Laser Spectroscopy and Plasma Lab (LSPL)

Professor Wang's Research Group

Department of Physics and Astronomy, Mississippi State University
  • Microwave Plasma assisted combustion setup

  • Lab R30

  • Lab R36

  • Fiber loop ringdown system: sensor head and sample stage

  • Ringdown signal as seen in the oscilloscope

  • Breath gas analysis system

  • Microwave plasma assisted combustion flame

  • Experimental setup for optical trapping

  • Experimental setup for optical trapping

  • Optical trapping

  • Nd:YAG laser pumped dye laser

  • Lab R30

  • Lab R36

  • Nd:YAG laser , Lab R30

  • Lab R275

  • NIR cavity ringdown system for trace gases

  • Lab R284

  • PAC1

  • Cold plasma

  • Cold plasma

  • Optical trap-cavity ringdown spectroscopy (OT-CRDS)

  • Optical trapping: trapped particle cones

  • Optical trapping: trapped particle

  • Optical trapping: a mini trap

  • Optical alignment: interference rings

  • Lab R36

    Lab R36

  • Optical trapping single particle Raman

Chuji Wangdrwang


Department of Physics and Astronomy

Mississippi State University

Office:     138 Hilbun Hall 
E-mail:      This email address is being protected from spambots. You need JavaScript enabled to view it.  
Phone      662-325-9455 
Fax:      662-325-8898 
Address:     P.O. Drawer 5167, Mississippi State, Ms 39762


Chuji Wang's research career started with his Ph.D. study (1993-1998) in laser-induced fluorescence spectroscopy of free radicals generated by discharge under supersonic molecular beam condition, followed by his first postdoctoral research (1998-2000) in laser photolysis/laser-induced fluorescence spectroscopy of large alkoxy radicals, then moved to his second postdoctoral research (2000-2001) in the development of plasma-cavity ringdown spectroscopy. He was a Senior Laser Scientist in the industry (2001-2002) prior to his appointment at Mississippi State University.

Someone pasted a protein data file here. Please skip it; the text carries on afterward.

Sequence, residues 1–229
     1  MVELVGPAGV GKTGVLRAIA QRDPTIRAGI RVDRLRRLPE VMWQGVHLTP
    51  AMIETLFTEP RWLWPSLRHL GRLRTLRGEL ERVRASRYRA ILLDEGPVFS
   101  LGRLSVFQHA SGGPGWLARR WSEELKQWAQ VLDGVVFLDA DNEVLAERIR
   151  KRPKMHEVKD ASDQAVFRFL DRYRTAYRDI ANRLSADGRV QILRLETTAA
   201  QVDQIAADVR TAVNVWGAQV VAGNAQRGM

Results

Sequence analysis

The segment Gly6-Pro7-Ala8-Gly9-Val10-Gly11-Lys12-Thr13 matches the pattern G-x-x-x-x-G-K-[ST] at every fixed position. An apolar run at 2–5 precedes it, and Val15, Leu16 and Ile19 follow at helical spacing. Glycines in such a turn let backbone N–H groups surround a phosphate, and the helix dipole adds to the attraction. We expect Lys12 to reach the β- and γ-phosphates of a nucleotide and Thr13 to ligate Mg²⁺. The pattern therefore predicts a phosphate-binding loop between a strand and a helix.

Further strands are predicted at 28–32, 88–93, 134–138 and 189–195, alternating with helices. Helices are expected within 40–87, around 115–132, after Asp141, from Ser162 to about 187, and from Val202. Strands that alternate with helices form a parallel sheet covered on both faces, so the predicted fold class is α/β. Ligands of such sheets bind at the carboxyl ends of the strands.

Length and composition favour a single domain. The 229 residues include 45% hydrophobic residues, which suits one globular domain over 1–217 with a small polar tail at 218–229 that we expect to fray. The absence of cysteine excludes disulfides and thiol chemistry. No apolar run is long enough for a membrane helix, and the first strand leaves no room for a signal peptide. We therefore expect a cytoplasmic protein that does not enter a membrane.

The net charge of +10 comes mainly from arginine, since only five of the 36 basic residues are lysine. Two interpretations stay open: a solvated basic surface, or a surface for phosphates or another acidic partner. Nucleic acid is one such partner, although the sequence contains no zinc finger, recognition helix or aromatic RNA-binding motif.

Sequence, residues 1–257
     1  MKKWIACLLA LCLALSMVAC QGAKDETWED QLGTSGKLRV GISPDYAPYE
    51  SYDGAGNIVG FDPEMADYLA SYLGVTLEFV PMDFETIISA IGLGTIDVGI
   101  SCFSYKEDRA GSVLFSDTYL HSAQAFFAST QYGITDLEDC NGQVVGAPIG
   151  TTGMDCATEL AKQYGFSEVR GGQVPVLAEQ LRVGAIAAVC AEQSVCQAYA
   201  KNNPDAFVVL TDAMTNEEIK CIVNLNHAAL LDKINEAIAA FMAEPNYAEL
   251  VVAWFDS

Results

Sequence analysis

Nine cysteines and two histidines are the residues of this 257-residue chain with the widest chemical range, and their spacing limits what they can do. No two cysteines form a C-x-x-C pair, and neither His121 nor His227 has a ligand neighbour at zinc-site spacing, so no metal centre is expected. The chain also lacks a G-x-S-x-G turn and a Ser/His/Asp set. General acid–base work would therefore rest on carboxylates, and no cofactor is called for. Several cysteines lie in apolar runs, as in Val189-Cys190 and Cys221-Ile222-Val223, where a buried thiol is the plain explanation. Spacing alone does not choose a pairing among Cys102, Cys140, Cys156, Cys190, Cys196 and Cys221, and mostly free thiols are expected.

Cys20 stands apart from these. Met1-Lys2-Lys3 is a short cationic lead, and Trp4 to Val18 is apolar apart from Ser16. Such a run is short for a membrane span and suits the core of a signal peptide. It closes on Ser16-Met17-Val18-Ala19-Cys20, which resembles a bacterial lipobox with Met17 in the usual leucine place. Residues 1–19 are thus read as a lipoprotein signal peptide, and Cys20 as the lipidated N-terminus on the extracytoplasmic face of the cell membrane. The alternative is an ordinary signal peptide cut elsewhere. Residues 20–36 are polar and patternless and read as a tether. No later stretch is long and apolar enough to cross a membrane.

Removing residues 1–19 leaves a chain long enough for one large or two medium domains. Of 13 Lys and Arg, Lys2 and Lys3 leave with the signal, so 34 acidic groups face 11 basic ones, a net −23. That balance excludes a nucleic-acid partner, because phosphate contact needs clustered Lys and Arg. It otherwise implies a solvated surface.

The nature of Dr. Wang’s research is multidisciplinary, involving physics, chemistry, and optical engineering. His research interest is to develop and apply measuring, monitoring, and sensing technologies to address real problems in energy, environment, and biomedical engineering. He believes that one powerful technology, CRDS, can have unlimited application potential in the aforementioned fields and beyond. Currently, Wang group’s research efforts are dedicated to

  1. Laser diagnostics in plasma and combustion, especially, plasma-assisted combustion (PAC). 
  2. Time-domain fiber optic sensor and sensor network for large-scale, multi-function (physical, chemical, and biological) monitoring and sensing. Time-domain fiber optic sensor and sensor network for large-scale, multi-function (physical, chemical, and biological) monitoring and sensing. 
  3. Cavity ringdown instrumentation for trace elements, isotopes, and volatile organic compounds. 
  4. Breath biomarkers for non-invasive disease diagnostics and metabolic status monitoring.
  5. Physical and chemcial study of single aerosol particles optically trapped in air. 


Doctoral positions are open for plasma diagnostics (DOE grant) and atmospheric mercury kinetics studies (NSF grant, in collaboration with SUNY-ESF) using laser spectroscopy. If you are interested, please send your resume to Prof. Wang at